Problem 2

I had to warranty my rear brake after installing it and trying to bleed it when we found out the bolt was over tightened, meaning I could not loosen it to bleed the brake.  TRP was very good about it though and promptly shipped a new caliper, and I am able to cannibalize the first one for spare parts.  Then I had to cut the hose again, but it was not as much of a problem this time and the bleed got done.

Problem 3

Not necessarily a real problem, but I hate wrapping bar tape.

Custom Trek Crockett Singlespeed

Overall, this build finished up well, although I do not like bleeding TRP brakes.  The brake levers actually have holes in them, so they look pretty cool in photos, and the bike is fun to ride with perfect gearing.  Learning the dropout system and setting up a singlespeed is a little new to me, but with the help of more experienced mechanics I got it all done.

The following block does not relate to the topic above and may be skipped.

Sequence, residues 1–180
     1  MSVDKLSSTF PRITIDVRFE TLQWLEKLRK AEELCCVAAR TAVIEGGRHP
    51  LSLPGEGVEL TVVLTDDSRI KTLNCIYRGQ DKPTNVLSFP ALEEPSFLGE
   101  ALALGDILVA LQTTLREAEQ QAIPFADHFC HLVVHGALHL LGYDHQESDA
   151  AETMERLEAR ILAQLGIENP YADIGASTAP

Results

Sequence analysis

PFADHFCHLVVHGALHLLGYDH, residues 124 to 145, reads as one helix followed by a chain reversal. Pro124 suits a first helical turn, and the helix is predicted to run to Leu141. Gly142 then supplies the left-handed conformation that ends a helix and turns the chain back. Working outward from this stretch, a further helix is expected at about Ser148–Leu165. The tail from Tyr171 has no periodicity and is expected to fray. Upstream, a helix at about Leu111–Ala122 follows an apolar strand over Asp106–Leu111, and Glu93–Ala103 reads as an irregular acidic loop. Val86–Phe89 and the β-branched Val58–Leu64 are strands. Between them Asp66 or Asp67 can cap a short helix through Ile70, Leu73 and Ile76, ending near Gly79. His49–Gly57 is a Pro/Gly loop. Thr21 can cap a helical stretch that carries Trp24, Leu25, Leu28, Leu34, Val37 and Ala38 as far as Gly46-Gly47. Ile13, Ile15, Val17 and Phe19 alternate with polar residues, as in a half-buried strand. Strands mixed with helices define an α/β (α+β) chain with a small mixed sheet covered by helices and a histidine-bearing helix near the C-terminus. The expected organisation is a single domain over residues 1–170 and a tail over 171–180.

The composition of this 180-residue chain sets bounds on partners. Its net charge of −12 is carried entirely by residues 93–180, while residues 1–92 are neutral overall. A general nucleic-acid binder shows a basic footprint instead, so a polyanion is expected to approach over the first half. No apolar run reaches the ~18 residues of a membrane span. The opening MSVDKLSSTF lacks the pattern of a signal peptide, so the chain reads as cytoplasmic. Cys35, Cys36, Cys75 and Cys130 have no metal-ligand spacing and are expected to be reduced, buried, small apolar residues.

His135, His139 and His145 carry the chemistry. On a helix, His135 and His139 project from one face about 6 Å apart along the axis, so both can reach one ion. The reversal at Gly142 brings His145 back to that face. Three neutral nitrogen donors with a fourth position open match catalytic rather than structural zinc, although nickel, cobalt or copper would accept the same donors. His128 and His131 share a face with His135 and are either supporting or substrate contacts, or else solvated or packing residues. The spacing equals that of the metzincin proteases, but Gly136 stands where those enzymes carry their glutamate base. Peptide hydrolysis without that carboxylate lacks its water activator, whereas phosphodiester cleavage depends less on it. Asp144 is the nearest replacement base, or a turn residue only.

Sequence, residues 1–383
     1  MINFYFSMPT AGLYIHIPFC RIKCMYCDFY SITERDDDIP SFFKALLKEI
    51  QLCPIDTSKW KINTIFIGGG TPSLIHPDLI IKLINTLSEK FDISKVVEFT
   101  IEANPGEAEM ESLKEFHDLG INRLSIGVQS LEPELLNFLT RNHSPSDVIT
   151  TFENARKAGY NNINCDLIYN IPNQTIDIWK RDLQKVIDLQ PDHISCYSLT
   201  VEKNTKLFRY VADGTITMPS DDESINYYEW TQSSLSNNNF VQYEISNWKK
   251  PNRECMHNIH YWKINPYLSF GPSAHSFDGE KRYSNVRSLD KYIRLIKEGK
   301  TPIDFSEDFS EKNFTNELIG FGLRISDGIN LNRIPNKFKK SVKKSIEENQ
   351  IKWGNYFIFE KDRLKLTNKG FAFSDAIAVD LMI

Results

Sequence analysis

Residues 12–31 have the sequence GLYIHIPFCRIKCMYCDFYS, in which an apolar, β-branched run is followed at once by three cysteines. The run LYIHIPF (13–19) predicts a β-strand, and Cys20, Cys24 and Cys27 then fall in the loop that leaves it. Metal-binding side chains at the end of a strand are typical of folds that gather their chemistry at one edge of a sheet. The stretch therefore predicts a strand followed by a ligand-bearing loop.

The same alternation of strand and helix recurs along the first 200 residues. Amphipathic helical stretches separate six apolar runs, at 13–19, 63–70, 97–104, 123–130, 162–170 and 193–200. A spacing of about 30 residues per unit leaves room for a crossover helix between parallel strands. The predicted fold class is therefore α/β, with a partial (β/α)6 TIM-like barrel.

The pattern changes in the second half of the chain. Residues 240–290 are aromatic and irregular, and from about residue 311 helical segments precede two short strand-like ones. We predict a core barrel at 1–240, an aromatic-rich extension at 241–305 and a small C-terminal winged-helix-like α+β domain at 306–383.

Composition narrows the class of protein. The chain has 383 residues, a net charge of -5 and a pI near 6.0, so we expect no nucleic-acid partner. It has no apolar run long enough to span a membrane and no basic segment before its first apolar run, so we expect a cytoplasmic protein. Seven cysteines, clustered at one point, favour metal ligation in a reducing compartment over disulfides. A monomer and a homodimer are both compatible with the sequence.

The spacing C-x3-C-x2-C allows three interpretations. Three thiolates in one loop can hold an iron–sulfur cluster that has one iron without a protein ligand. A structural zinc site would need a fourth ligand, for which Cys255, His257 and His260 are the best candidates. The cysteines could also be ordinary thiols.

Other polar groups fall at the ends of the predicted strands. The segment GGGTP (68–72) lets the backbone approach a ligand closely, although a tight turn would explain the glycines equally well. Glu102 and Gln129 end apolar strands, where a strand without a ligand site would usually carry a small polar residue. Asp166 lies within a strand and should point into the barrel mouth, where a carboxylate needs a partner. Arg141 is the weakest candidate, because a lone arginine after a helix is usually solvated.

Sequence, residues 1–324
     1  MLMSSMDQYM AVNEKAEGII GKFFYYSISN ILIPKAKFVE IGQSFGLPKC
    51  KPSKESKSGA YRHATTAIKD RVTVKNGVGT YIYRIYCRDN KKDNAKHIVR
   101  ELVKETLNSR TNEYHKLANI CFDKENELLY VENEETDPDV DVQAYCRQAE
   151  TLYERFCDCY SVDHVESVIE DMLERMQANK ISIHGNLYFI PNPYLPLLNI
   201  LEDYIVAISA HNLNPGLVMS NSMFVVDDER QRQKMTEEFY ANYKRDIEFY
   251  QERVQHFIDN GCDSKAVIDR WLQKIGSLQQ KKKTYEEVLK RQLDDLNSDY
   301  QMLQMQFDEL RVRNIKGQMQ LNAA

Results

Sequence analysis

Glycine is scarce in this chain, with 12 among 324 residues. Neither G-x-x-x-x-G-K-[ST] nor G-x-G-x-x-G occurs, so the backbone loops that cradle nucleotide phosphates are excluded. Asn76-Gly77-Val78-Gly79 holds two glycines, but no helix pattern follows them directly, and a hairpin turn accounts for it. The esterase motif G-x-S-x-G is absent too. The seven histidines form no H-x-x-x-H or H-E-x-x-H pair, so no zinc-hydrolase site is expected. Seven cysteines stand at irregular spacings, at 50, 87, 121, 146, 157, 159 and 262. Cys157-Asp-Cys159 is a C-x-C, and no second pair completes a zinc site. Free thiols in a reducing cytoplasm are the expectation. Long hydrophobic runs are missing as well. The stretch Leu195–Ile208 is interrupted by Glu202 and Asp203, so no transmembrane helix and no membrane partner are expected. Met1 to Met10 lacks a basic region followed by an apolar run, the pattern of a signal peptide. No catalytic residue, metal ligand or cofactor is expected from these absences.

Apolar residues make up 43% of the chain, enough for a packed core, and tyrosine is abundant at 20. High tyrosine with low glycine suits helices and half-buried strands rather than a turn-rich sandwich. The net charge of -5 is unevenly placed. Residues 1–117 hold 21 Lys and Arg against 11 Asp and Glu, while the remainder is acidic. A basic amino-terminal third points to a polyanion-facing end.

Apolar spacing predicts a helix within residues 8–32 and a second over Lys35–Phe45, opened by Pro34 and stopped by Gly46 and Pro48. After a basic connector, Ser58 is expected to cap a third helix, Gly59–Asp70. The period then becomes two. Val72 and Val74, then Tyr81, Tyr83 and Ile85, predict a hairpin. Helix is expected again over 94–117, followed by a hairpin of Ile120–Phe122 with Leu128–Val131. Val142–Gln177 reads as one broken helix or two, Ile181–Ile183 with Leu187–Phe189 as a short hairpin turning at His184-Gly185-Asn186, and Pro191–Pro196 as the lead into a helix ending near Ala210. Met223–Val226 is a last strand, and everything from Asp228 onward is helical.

I Want to Ride my Bike Because

There are so many reasons I want to ride my bike, and sometimes I don’t have the time to actually ride it when I want to. It can be a bad day, a need to train, or just an overwhelming need to go ride a bike. These are a few of my favorites I’ve run into in my life lately.

Trek Domane SL 6

I cried over a sandwich - but to be honest it was a really bad sandwich and not what I ordered. I don’t know why exactly I cried over the sandwich, but I was having a rough morning, and the sandwich topped it off. I got home from work at 8:30 that night and got the trainer set-up and rode my bike, because I really needed to ride my bike.